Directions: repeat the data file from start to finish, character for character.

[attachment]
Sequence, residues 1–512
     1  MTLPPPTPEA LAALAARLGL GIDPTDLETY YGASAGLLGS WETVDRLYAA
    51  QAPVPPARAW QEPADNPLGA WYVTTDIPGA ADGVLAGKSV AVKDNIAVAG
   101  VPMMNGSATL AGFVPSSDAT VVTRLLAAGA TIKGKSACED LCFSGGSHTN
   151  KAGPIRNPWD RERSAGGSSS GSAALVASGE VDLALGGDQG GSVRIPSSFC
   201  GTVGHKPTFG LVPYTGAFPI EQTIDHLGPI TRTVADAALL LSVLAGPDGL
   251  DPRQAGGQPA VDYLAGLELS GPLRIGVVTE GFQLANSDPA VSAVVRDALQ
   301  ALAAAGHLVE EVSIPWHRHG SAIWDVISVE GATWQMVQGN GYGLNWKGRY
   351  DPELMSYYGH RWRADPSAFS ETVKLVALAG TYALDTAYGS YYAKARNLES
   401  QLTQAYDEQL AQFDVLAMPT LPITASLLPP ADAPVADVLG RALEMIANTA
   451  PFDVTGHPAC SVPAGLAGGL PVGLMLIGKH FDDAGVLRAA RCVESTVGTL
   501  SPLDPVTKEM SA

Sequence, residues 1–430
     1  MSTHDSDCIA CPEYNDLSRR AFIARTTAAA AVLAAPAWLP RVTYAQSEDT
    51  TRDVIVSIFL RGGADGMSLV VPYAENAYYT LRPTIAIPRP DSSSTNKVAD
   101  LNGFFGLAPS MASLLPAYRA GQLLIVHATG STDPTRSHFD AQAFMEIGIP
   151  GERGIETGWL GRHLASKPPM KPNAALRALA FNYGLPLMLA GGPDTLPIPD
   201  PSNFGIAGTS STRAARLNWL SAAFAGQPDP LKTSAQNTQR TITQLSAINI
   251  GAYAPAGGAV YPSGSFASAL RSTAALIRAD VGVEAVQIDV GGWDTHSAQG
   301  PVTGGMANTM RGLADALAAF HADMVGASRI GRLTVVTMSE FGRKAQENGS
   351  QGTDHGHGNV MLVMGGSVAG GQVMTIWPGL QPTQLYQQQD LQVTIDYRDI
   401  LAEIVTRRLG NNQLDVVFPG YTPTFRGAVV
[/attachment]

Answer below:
Sequence, residues 1–512
     1  MTLPPPTPEA LAALAARLGL GIDPTDLETY YGASAGLLGS WETVDRLYAA
    51  QAPVPPARAW QEPADNPLGA WYVTTDIPGA ADGVLAGKSV AVKDNIAVAG
   101  VPMMNGSATL AGFVPSSDAT VVTRLLAAGA TIKGKSACED LCFSGGSHTN
   151  KAGPIRNPWD RERSAGGSSS GSAALVASGE VDLALGGDQG GSVRIPSSFC
   201  GTVGHKPTFG LVPYTGAFPI EQTIDHLGPI TRTVADAALL LSVLAGPDGL
   251  DPRQAGGQPA VDYLAGLELS GPLRIGVVTE GFQLANSDPA VSAVVRDALQ
   301  ALAAAGHLVE EVSIPWHRHG SAIWDVISVE GATWQMVQGN GYGLNWKGRY
   351  DPELMSYYGH RWRADPSAFS ETVKLVALAG TYALDTAYGS YYAKARNLES
   401  QLTQAYDEQL AQFDVLAMPT LPITASLLPP ADAPVADVLG RALEMIANTA
   451  PFDVTGHPAC SVPAGLAGGL PVGLMLIGKH FDDAGVLRAA RCVESTVGTL
   501  SPLDPVTKEM SA

Sequence, residues 1–430
     1  MSTHDSDCIA CPEYNDLSRR AFIARTTAAA AVLAAPAWLP RVTYAQSEDT
    51  TRDVIVSIFL RGGADGMSLV VPYAENAYYT LRPTIAIPRP DSSSTNKVAD
   101  LNGFFGLAPS MASLLPAYRA GQLLIVHATG STDPTRSHFD AQAFMEIGIP
   151  GERGIETGWL GRHLASKPPM KPNAALRALA FNYGLPLMLA GGPDTLPIPD
   201  PSNFGIAGTS STRAARLNWL SAAFAGQPDP LKTSAQNTQR TITQLSAINI
   251  GAYAPAGGAV YPSGSFASAL RSTAALIRAD VGVEAVQIDV GGWDTHSAQG
   301  PVTGGMANTM RGLADALAAF HADMVGASRI GRLTVVTMSE FGRKAQENGS
   351  QGTDHGHGNV MLVMGGSVAG GQVMTIWPGL QPTQLYQQQD LQVTIDYRDI
   401  LAEIVTRRLG NNQLDVVFPG YTPTFRGAVV